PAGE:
How campers at Freshwater led to the suburb’s name being changed to Harbord

How campers at Freshwater led to the suburb’s name being changed to Harbord

Newspaper July 14, 2020 | Manly Daily (Australia)

Author: John Morcombe | Section: Manly Daily News


One hundred years ago, some of Freshwater’s residents wanted the name of their suburb changed.

They were concerned that the good name of Freshwater had been sullied by the boisterous behaviour of some of the young men who rented the many camps scattered around the area, mainly at weekends during the warmer months.

Back then, the word “camp” was applied to anything from a tent to a small three-room timber cottage.

Some of the camps were built on land owned by five people and rented for the season or the year by young men, while others were built on privately-owned land and used by the owner and their family or friends, although no doubt some of the latter were also rented to tenants.

Developers contributed to the phenomenon by subdividing acreage into lots of varying size, including some that were advertised as “choice sites for weekend cottages and camps”.

All told, there were more than 80 timber camps at Freshwater.

The first camps in the area were just tents pitched behind the beach for the weekend “which at night are distinguished by twinkling lights and camp fires”, as one reporter noted.

The first formal camps were erected in 1906 by Amos Randell and his future wife, Ruth Lawson, who also opened the first store at Freshwater to supply both the campers and local residents.

By December 1906 Randell had erected three camps and more camps quickly followed.

Randell’s business was called Camp City an by the time bus services eventually reached Freshwater, their destination signs read “Camp City”.

Another local man who erected camps was William Nixon, who had several landholdings in the area and who played a leading role in Freshwater society for many years.

Among the camps Nixon built were some on the high side of Undercliffe Rd, the best-known of which, at least to surfing historians, was called Boomerang.

When Duke Kahanamoku visited Sydney in 1914 and 1915, he briefly stayed in Boomerang.

Other locals who erected camps at Freshwater and rented them to tenants were a Mr Shaw, a Mr Waters and a Mrs Pember, and most were built along Evans St, The Drive, Charles St, Kooloora Ave, Moore St and Oceanview Rd.

The camps owned by Randell, Nixon, Shaw, Waters and Pember were only rented to young men and women were only allowed to visit on Sunday.

Initially the camps built for rental had timber frames and were clad in lime-washed hessian, scrim or canvas, but soon they were clad with weatherboards and fitted with gutters to catch rainwater and by February 1908, there were dozens of them, one reporter noted.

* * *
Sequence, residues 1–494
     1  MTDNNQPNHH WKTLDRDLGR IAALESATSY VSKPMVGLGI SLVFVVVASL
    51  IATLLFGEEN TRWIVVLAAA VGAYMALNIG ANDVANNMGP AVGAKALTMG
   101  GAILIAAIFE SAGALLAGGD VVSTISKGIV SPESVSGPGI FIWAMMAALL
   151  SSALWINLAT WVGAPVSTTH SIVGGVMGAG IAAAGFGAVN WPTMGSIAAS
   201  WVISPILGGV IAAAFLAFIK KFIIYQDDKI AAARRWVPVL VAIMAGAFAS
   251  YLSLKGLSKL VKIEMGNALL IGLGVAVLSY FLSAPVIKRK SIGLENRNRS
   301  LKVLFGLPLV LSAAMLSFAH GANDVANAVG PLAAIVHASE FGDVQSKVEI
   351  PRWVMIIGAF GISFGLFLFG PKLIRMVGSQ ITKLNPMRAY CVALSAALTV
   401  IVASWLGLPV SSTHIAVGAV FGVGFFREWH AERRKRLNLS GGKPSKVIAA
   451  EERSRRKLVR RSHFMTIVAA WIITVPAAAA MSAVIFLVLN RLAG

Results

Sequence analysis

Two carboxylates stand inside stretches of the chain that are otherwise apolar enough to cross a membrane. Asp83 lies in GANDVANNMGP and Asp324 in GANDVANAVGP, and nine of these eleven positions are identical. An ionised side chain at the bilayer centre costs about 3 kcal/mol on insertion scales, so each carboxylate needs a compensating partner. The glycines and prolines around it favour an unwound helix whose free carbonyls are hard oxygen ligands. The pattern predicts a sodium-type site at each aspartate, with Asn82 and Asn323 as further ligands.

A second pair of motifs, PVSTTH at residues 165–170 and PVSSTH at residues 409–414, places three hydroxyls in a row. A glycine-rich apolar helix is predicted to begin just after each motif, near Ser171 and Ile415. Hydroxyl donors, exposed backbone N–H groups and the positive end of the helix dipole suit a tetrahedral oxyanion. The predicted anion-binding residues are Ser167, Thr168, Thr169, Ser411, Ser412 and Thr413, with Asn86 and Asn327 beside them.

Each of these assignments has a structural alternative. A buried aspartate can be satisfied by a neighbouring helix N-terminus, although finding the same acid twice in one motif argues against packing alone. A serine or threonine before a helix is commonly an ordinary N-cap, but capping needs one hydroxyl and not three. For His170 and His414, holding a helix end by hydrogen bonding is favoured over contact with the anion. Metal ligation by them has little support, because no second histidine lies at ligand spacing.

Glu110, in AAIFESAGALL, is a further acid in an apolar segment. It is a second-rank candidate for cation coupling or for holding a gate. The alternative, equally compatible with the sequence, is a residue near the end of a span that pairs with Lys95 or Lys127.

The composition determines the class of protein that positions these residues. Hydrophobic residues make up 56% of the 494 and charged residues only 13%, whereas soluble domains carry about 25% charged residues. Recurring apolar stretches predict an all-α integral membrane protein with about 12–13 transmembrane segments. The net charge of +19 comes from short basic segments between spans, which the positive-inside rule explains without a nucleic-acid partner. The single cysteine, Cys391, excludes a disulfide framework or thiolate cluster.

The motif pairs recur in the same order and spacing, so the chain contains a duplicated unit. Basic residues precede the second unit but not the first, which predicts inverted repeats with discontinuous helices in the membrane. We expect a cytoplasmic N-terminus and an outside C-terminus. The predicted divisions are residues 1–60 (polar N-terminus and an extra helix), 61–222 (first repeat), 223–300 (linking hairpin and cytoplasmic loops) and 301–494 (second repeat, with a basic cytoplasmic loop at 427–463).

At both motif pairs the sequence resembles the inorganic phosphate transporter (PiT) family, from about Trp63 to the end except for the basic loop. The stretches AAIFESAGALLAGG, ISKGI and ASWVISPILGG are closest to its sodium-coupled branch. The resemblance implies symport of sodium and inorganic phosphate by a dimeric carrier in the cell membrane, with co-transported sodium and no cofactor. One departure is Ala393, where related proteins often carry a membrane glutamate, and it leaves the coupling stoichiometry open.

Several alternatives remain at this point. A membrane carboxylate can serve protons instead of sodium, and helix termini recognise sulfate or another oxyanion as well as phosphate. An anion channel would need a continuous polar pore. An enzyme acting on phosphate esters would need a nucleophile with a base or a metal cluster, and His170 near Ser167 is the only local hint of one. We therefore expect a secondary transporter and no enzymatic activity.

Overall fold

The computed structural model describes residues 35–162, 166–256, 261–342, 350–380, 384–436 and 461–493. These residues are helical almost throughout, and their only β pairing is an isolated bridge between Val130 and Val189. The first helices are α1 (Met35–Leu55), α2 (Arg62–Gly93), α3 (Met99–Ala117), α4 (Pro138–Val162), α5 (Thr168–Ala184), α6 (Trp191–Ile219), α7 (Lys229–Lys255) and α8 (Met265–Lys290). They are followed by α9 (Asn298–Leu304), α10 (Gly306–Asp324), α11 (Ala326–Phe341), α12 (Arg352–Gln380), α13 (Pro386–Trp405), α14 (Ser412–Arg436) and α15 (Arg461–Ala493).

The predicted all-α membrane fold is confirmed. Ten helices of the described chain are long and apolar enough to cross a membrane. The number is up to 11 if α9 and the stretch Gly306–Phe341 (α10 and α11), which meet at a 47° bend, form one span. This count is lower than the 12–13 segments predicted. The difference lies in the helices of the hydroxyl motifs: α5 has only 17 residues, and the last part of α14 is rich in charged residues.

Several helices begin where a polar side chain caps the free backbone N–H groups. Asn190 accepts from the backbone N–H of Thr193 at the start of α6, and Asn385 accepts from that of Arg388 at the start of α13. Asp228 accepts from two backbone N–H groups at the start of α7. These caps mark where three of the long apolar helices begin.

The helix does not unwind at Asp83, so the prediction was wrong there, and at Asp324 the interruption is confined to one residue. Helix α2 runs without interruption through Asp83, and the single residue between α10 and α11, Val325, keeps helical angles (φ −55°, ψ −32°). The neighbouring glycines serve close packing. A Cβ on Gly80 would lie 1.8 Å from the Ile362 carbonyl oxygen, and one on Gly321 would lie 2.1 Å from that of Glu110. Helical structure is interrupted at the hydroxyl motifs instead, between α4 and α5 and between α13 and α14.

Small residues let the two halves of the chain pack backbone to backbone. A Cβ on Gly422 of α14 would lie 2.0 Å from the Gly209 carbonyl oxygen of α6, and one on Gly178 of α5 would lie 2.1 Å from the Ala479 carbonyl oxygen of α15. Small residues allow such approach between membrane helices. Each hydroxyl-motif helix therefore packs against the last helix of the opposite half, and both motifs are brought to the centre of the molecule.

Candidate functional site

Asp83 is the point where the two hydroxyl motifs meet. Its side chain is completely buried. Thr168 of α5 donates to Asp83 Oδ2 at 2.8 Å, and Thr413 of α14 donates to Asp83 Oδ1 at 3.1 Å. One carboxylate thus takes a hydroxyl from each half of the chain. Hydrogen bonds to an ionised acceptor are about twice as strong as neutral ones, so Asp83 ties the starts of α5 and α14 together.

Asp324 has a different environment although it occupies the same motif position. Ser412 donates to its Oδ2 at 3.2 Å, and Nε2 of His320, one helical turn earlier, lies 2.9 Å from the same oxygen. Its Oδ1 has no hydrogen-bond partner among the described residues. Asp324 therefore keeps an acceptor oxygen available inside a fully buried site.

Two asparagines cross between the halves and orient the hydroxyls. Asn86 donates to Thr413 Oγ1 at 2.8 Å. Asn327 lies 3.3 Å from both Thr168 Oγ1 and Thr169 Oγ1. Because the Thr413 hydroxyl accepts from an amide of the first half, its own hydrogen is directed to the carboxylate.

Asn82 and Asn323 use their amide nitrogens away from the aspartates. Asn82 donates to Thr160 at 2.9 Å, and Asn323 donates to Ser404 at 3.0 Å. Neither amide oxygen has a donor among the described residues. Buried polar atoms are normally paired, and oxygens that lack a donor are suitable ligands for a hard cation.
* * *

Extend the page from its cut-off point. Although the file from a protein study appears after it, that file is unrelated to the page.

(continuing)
“Each camp is provided with a galvanised tank, as well as with a colonial oven.

“Six canvas stretchers are provided, rough dresser, table and forms, and the tenants make themselves extremely comfortable.”

Reporters were quick to spot the sometimes weird and wonderful names that the camps.

One reporter noted two ambitiously named camps – Rawson, the name of the NSW governor of the day, while its next door neighbour was called Northcote, the name of the governor-general of the day – only for both to be trumped by a camp named Buckingham Palace.

Other names included Shark Bait, The One, The Other, Next Door, Next Door Again, Dollar Princess, Water Rats’ Rendezvous, Desolation, Thisisit, Iduno, The Millionaires, Linga Longa, Look Who’s Here, Asylum and The Ritz.

Each year, Amos Randell awarded a prize to the tenants of whichever of is camps had shown the best management and conduct throughout the season.

But while the young men were expected to behave well, especially by Randell, as early as 1910 there were complaints by residents of Manly about the bad language used by the campers as they made their way to Freshwater and sometimes the police charged young men with using offensive language in Manly.

Many of the campers joined Freshwater SLSC after it was formed in 1908 and when the club held its first carnival in February 1909, the campers held a fancy dress procession from Manly Wharf to Freshwater.

In December 1910, a newspaper reported: “Mr Waddington, secretary of the Freshwater club, visited all the camps last Sunday and secured a big haul of new members.”

In the lead-up to Freshwater SLSC’s 1911 surf carnival, one newspaper reported: “Everyone in Camp City is working enthusiastically to make the function a success.”

And while most of the campers were working men, usually from the inner western suburbs, there were a few higher flyers with their own camp at Freshwater, including noted public servant and naturalist Arthur Bassett-Hull and dual-international footballer Clarence Prentice.

Eastern Suburbs State MP Charles Oaks had a camp at Freshwater in 1924 during which time he was Colonial Secretary and Minister for Health.

Freshwater was also the destination for Boy Scout troops from the inner western suburbs who would camp in tents for two or three weeks.

In 1912, one newspaper reported: “The Freshwater surf-bathers are a pretty giddy crowd and their ‘camps’ of late have become notorious.”

Still, Freshwater retained its charm for visitors.

“Running back from the semicircular beach is a naturally beautiful valley, a fairy bushland, bounded by craggy hills,” one reporter wrote.

“In the declivity between these rocky outcrops, stretching back for a mile or more, are dotted the weekend shacks, camps, cottages, or what other name one chooses to call the two- or three-room wooden structures.

“These are the residences of the weekenders.

“Some are giddily poised on slender piles of stone or brick, others on wooden stakes, and yet others dumped down flat on a convenient nook in the rocks. “There is no building covenant over that way and the shacks are destitute of any architectural pretensions.